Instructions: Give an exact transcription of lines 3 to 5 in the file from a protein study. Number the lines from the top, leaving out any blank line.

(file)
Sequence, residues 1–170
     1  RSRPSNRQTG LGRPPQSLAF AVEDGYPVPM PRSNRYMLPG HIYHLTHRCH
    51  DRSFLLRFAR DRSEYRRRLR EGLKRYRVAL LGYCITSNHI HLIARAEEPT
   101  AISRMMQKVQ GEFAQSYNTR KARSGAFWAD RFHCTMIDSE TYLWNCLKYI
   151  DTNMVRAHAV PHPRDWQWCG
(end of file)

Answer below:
    51  DRSFLLRFAR DRSEYRRRLR EGLKRYRVAL LGYCITSNHI HLIARAEEPT
   101  AISRMMQKVQ GEFAQSYNTR KARSGAFWAD RFHCTMIDSE TYLWNCLKYI
   151  DTNMVRAHAV PHPRDWQWCG